A/B (or split) testing refers the practice of comparing the effectiveness of two versions of a web page. Typically when we talk about A/B testing it’s in the context of a PPC, email, or other campaign designed to drive traffic to those pages. There’s no doubt that this sort of testing can yield valuable results and improve the effectiveness of your campaigns. However, A/B testing outside of a specific campaign can be a valuable tool to improve both the user experience and the content on your site.
I’ll use a example from a website that I manage. I was tasked with the creation of a new section of the website for a new medical service. I’ve done this sort of task many times in the past but this project was unique because this service was available to both men and women but in very different forms. With this in mind, this new section of the website had to appeal to both men and women and encourage them both to engage and click through to other pages to learn more.
I decided that the best way to appeal to the different audiences was to split them up from the beginning. I created a landing page for the new section that immediately made it clear that women should follow one path and men should follow another. My idea was that both groups would really only be interested in what specifically applied to them.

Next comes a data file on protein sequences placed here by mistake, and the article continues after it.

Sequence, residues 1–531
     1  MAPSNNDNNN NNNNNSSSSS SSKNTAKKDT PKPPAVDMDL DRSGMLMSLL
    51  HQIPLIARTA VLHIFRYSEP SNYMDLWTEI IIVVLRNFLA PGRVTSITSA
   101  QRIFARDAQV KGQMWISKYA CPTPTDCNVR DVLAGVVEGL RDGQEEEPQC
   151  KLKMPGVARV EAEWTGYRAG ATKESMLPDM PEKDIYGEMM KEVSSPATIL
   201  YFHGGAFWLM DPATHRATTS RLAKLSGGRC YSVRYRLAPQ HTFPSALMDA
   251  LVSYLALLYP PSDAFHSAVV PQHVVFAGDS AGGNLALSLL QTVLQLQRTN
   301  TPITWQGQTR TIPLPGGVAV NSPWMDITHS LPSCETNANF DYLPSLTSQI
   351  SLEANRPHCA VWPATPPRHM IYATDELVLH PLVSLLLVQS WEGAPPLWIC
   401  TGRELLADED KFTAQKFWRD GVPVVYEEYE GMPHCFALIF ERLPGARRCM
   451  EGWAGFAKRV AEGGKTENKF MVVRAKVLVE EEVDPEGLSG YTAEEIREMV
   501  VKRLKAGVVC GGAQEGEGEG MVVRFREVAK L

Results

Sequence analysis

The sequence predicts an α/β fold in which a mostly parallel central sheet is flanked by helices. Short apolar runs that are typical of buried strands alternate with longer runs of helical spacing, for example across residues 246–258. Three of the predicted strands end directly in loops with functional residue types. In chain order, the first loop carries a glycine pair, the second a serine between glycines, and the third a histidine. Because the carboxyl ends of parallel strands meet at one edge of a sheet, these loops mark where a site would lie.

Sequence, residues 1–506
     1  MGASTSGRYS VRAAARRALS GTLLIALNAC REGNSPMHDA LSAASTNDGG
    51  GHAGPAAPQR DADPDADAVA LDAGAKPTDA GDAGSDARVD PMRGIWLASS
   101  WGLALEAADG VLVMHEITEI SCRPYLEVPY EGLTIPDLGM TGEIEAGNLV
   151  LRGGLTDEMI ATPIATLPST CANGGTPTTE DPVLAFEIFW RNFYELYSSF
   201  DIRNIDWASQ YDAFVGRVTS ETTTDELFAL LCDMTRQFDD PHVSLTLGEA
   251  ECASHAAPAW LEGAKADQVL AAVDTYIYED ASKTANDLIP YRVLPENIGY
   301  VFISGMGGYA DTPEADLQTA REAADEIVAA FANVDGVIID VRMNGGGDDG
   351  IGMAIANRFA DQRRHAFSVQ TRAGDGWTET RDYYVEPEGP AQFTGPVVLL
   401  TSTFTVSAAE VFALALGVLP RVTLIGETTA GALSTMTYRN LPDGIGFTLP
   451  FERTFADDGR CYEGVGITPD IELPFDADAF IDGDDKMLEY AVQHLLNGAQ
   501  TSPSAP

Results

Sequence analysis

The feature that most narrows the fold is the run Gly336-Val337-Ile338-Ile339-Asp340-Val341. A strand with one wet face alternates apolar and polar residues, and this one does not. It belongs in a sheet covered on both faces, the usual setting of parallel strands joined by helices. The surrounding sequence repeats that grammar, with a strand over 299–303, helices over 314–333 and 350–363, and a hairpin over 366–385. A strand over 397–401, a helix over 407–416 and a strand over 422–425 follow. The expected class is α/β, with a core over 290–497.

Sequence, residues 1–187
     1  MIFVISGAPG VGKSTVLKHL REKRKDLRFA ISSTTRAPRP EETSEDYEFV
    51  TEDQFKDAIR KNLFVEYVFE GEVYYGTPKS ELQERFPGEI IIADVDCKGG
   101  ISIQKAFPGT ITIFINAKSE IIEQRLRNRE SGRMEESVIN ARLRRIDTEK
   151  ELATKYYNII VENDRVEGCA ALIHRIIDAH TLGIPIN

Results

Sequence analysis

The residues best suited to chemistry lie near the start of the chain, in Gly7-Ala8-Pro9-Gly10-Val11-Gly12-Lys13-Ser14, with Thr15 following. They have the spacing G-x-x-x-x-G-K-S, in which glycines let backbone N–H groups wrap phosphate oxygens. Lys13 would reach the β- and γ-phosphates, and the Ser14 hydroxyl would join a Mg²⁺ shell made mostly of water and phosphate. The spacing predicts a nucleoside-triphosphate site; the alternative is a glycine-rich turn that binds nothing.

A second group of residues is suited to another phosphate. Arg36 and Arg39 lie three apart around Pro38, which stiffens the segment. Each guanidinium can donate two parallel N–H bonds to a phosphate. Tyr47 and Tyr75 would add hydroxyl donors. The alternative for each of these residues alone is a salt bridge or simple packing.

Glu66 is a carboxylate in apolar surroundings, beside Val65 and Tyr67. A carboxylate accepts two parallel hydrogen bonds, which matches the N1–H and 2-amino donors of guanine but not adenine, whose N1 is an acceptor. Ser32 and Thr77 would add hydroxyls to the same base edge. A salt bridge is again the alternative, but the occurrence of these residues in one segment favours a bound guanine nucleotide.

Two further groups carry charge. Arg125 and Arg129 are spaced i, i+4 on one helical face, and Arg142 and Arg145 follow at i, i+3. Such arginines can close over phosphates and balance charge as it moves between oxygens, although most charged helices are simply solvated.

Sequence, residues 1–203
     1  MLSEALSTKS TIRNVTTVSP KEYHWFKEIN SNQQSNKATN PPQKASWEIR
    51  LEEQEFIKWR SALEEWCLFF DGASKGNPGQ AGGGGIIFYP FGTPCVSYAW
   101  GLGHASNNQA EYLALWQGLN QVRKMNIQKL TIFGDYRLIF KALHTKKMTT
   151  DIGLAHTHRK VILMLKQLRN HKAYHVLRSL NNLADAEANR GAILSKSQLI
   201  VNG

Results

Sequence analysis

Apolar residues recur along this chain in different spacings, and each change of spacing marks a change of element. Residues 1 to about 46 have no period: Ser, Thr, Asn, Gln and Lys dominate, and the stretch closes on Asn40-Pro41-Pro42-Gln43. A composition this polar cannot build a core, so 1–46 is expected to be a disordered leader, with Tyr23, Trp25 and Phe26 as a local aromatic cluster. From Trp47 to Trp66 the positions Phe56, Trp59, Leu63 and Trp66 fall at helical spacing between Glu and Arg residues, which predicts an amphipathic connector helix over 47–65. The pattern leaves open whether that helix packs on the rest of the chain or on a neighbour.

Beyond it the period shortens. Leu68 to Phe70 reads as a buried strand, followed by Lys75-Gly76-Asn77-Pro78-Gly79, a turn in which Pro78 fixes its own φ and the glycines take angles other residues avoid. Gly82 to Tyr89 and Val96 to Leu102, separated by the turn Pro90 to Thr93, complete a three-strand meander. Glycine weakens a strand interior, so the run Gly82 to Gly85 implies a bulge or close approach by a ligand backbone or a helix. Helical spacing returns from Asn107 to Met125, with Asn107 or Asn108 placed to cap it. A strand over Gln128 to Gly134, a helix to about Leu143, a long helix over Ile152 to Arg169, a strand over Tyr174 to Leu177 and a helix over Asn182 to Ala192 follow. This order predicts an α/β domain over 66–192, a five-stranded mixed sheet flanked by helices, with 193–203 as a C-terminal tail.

In the interest of ensuring that I was creating the most useful pages possible, I decided to run some A/B tests against a page that took a different approach. On the second page I started off with more generic information about the service. There was an overview and a few paragraphs discussing the key benefits of this new service with the opportunity to dive in to specifics based on gender following up toward the end of the page.
After setting up the testing I sat back and waited for Google to tell me that I was right. 🙂 As it turns out I was completely wrong. The visitors that came to the second page were much more engaged and went on to spend more time on the site and visit more pages than those that landed on the first version. It appeared that the general interest in the technology drew more interest than specific information for the particular user. In the end, being wrong wasn’t a bad thing since I was able to correct my mistakes and develop the most successful page possible.
I went on to test video content and headlines and further optimize this particular section of the website. The end result is content that is more engaging and relevant to the user. This in turn drives more leads and a better return. If I hadn’t done that testing then I never would have known what I was missing.
I would encourage you to not just think about A/B testing when you launch a new campaign. Look for opportunities on your site to improve the user experience and see what you can learn about your customer and how they engage with your site.